This is actually good news, because apex predators like great whites signal how the rest of the marine ecosystem is doing.
"If something is wrong with the largest, most powerful group in the sea, then something is wrong with the sea, so it's a relief to find they're in good shape," Burgess said, crediting U.S. regulatory agencies and their conservation measures for the shark population uptick.
Heidi Dewar, a National Marine Fisheries Service research biologist, added, "We determined there were enough animals that there was a low to very low risk of extinction and, in fact, most developments suggest an increasing population."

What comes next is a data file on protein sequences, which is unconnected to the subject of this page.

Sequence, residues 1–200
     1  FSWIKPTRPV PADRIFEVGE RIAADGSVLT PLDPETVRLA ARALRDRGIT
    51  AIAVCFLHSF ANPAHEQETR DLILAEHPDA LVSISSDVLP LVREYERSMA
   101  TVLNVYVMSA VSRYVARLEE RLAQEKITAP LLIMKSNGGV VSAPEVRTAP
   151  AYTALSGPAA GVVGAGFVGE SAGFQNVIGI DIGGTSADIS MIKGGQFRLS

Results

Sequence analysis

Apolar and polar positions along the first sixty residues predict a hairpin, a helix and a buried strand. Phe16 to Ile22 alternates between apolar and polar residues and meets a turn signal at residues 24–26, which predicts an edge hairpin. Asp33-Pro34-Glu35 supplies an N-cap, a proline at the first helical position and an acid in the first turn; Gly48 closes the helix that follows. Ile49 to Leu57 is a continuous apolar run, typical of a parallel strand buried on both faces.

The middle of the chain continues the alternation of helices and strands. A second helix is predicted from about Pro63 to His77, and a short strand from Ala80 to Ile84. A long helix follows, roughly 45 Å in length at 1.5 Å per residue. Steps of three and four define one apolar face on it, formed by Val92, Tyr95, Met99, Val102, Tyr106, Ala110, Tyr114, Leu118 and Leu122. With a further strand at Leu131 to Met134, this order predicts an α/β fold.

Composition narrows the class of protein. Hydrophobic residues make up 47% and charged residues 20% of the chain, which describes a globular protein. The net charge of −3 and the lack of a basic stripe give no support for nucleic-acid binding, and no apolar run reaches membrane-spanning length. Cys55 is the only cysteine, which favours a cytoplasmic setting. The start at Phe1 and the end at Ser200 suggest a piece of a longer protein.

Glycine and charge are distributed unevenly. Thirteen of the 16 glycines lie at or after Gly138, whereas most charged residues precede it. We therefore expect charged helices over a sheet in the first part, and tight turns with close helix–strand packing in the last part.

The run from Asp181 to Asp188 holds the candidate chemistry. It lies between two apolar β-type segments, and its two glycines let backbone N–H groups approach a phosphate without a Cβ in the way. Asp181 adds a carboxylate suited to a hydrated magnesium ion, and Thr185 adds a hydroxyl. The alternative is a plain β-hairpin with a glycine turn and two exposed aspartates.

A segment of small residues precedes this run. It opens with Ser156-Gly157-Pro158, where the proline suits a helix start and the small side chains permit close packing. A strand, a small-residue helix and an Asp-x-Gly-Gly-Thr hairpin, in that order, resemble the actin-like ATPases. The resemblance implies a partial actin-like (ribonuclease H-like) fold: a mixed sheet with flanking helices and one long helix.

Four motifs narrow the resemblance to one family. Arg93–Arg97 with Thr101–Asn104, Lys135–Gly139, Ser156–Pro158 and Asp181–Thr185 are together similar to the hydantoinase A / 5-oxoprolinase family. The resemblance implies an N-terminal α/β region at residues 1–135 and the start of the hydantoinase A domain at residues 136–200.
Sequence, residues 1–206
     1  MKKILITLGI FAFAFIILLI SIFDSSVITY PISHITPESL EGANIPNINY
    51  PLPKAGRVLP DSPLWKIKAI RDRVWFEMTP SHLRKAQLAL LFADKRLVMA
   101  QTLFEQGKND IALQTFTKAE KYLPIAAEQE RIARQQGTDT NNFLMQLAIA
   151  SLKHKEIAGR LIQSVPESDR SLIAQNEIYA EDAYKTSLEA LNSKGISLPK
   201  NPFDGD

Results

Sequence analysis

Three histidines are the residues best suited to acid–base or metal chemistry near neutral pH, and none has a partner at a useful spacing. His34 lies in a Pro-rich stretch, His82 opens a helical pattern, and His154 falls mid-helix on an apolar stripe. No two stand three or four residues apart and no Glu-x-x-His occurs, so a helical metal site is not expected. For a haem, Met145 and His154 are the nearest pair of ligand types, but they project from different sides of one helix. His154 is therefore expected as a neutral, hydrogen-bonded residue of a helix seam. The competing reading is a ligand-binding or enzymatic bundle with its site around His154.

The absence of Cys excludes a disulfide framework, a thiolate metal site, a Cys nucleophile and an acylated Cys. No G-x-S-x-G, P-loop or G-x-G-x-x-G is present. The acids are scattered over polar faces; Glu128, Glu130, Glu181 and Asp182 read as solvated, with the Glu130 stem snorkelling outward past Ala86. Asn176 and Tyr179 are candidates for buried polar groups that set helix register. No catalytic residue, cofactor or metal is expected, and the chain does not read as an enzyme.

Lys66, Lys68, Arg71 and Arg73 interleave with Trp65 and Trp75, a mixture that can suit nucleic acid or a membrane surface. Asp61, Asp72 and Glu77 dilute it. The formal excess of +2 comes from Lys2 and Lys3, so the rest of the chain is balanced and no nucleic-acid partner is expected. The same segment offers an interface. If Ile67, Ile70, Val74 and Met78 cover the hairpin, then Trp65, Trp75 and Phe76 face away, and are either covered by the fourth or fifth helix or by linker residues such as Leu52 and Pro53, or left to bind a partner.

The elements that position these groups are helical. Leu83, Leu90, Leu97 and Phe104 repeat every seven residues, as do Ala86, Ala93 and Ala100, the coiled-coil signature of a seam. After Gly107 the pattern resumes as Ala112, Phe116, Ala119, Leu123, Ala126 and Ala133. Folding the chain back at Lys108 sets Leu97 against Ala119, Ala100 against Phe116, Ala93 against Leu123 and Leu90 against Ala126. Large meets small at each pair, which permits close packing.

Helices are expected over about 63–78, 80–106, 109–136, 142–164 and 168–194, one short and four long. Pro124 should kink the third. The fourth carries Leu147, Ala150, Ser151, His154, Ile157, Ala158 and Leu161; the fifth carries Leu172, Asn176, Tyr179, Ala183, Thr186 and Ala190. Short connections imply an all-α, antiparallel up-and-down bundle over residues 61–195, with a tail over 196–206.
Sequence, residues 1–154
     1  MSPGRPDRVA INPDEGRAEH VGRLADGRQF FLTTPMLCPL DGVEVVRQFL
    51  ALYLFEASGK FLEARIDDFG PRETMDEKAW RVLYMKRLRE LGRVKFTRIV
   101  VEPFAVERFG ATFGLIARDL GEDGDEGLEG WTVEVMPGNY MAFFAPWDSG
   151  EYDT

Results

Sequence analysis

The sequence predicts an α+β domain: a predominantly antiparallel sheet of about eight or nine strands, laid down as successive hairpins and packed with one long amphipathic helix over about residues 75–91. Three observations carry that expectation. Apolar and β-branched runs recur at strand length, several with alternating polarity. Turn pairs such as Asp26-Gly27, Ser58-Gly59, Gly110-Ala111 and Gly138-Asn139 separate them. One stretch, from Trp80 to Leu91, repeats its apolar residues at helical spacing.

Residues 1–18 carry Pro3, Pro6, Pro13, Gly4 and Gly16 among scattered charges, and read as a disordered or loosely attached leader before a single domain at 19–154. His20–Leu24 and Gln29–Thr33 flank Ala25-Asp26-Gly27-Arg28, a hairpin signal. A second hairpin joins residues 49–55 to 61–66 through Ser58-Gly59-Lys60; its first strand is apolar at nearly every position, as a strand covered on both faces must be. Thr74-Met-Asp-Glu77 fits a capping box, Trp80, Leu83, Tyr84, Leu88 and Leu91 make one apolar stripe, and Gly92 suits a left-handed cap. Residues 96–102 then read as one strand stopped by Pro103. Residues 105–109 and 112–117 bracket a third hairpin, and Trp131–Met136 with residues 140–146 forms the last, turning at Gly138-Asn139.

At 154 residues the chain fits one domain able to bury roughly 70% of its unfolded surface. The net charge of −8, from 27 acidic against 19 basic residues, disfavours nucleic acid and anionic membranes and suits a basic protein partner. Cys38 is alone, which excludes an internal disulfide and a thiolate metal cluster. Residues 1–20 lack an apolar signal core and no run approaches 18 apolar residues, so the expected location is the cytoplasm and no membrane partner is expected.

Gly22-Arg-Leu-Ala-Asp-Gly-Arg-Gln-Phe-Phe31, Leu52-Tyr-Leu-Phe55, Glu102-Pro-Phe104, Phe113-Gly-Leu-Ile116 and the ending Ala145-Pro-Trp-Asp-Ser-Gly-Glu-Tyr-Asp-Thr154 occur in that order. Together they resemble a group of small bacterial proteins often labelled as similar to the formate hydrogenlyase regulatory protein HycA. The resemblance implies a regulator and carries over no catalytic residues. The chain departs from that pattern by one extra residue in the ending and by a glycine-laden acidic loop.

Burgess shared that blacktip and spinner sharks are also "doing quite well" with numbers showing that their populations "are reasonably healthy."
These sharks aren't seeking out human prey. Like all animals, they become accustomed to a particular diet. In their case, it typically includes fish, seals, sea lions and other marine mammals.
When visibility is poor, however, and someone is out splashing and kicking, it's not hard to see how a hungry shark could become confused.